At St Joseph’s our children are encouraged to develop a passion for music and follow these up through extra-curricular opportunities including Choir and instrumental lessons provided by peripatetic teachers.
Through a varied curriculum children are able to enjoy music, in as many ways as they choose- either as listener, creator or performer. The integral nature of music and the learner creates an enormously rich palette from which a student may access fundamental abilities such as: achievement, self-confidence, interaction with and awareness of others, and self-reflection.
Because children display ability in music in as many ways as there are ways to be involved in music, assessment follows a variety of different methods. The teacher will informally assess throughout any creation or rehearsal process, giving oral feedback, and instant methods of ways to improve. Pupils are also assessed individually when performing, as ensemble playing is evidence of achievement.
The teacher uses this assessment information to inform their short-term planning and short-term interventions. This helps us provide the best possible support for all of our pupils, including the more able. The assessment milestones for each phase have been carefully mapped out and further broken down for each year group. This means that skills in music are progressive and build year on year. Summative assessment information is collected 3 times a year and analysed as part of our monitoring cycle. This process provides an accurate and comprehensive understanding of the quality of education in music. Monitoring in music includes: lesson observations and/or learning walks, pupil/parent and/or staff voice. Pupil voice is used to provide feedback and the children’s ideas are used to support and implement any changes to planning that are needed.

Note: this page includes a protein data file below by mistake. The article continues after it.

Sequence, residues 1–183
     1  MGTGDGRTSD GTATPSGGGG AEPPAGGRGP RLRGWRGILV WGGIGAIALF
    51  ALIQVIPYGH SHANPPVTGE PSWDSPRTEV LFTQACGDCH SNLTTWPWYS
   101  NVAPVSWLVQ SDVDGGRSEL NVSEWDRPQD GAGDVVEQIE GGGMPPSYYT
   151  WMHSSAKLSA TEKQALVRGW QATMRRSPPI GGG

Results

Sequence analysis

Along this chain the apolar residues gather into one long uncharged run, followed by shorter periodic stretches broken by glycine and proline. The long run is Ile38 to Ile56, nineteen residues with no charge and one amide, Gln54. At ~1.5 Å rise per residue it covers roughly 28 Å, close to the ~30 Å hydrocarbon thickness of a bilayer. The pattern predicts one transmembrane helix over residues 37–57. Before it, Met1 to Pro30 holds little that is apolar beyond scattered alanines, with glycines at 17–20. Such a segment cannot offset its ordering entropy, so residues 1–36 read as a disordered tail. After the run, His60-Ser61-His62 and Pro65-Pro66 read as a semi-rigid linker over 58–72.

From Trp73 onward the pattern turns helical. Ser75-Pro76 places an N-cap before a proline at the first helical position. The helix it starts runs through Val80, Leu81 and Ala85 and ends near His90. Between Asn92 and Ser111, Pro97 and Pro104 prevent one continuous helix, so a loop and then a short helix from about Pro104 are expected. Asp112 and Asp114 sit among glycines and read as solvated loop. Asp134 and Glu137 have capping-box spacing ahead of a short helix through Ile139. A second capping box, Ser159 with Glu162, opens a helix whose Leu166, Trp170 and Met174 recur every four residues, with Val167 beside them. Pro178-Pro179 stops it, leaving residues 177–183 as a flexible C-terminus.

The concept of loops (known as riffs in music) can be reinforced through both subjects to cement children’s understanding
There are numerous links between English & music including: using character voices to understand timbre, reflecting a narrative in the structure of a composition and also by exploring and writing lyrics, using varied vocabulary and drawing from their poetry skills.
Geography or History
Listening to music from a different point in history or from a different culture helps children gain a richer understanding of a place or time different to the one they live in.
We often link what we think and hear with some kind of image. It can be helpful therefore to create pictures to represent sounds, reflecting the different musical elements such as pitch and dynamics through artistic ones such as colour or shape.
Linking music to dance is an excellent way for the children to feel the music. Dance requires an understanding of pulse and rhythm, which is also a critical skill in music education.
To get a good understanding of rhythm, children need to be secure in their counting. There are also numerous patterns in music that have their basis in numerical sequences.